not be on the record. But first and foremost, I just wanted to 
thank the panel, as well as all the North Koreans and the 
advocates in this room, because I think that really your 
presence and your stories and your bravery--it's really one of 
the primary lights of hope, I think, regarding this issue. 
[Statement made in foreign language].
    Second, I wanted to respond to the Amnesty International 
point. I think that one issue that isn't really discussed 
explicitly is that China has a very long-term policy and their 
vision, I think, is not only an unfounded fear of the refugees 
coming across, but also an unfounded fear--or perhaps a founded 
fear--of reunification in the Korean peninsula and the power 
dynamics that will result because of that. I think that is 
something that is just not really addressed.
    I have two questions. The first, is whether or not 
international organizations and the UN have tried to focus 
recommendations to China, not sort of on the broad proactive 
measures that should be taken, but on sort of the passive 
measure that should be taken just to allow the UNHCR to move to 
that northern frontierland or the borderland. I think that just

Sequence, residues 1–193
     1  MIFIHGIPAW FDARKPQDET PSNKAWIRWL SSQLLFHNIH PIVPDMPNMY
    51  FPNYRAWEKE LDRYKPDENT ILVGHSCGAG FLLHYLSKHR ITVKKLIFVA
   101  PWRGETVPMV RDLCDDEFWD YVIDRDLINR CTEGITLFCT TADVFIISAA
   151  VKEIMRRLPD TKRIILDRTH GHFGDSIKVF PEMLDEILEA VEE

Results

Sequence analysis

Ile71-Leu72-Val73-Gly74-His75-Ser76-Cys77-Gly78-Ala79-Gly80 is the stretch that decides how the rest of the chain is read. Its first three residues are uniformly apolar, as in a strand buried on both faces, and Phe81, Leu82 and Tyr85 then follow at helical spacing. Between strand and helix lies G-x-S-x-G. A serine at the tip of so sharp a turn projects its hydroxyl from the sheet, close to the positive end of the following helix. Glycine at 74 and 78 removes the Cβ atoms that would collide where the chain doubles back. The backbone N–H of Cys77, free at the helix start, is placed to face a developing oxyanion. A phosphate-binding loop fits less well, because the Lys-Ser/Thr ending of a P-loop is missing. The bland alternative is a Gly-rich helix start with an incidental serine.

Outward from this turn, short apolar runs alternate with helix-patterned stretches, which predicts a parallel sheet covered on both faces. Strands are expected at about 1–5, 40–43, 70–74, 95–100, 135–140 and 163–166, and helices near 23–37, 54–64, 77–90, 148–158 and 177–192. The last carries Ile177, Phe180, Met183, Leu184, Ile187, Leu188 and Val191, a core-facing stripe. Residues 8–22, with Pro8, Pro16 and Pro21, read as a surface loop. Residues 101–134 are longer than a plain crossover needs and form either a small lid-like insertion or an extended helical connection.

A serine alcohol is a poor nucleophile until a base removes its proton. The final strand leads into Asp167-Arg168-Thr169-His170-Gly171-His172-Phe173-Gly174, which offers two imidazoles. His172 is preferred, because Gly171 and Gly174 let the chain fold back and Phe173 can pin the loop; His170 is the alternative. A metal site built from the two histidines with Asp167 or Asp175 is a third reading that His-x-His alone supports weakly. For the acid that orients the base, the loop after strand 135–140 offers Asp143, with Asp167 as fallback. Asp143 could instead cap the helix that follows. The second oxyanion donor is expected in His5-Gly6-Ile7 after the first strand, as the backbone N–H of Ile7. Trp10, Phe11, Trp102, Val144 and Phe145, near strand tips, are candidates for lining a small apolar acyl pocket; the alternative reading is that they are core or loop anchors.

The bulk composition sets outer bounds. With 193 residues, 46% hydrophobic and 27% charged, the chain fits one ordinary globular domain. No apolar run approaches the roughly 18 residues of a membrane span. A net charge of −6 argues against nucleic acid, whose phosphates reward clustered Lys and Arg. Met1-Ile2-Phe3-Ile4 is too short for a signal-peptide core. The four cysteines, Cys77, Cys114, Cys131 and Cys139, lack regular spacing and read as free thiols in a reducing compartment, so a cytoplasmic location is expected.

focusing on that specific issue might be perhaps a little bit 
more compelling because it makes an easier decisionmaking 
process for the government.
    The second question is what the U.S. public and the public 
around the world can do to try and create more awareness about 
this issue. I know that with regard to a lot of other crises in 
the world in recent years, the Web has provided incredible 
public awareness and action. I just wonder whether or not there 
are certain things that the U.S. public should take into mind, 
and if you have any suggestions.
    Ms. Oldham-Moore. Thank you.
    Joel? Suzanne?
    Mr. Charny. Well, on the--I think there have been sustained 
efforts to try and get the Chinese to change their mind about 
allowing UNHCR access, but the Chinese just continue to rebuff 
them. One idea that we had--and I don't know enough about how 
UNHCR actually functions internally, and this is probably----
    Ms. Oldham-Moore. Oh. Yes, you do.
    Mr. Charny [continuing]. This is probably, again, 
completely infeasible, or even naive, but it seems to me--for 
China, it's a privilege. I mean, one of the--this extends 
across the board, I think. I mean, China has been brilliant, as 
part of this soft power, of insinuating itself into mainstream 
international institutions without, in many ways, fundamentally 
improving their practice on issues that we care about.
    So one of the points I made three or four years ago was, 
how does China get to be on the UNHCR Executive Committee if 
they're not allowing UNHCR to perform their fundamental 
obligation with North Korean refugees? I mean, shouldn't that 
be just a basic contradiction? Everyone's nodding. It's 
obvious. Okay. Well, given that basic contradiction, is there 
any way to work that within the UNHCR Executive Committee? But 
again, this is where I get discouraged, because China just has 
so much leverage right now.
    The United States is simply not going to stand up in Geneva 
at the UNHCR Executive Committee and ask China tough questions 
about the treatment of North Korean refugees. Why? Because we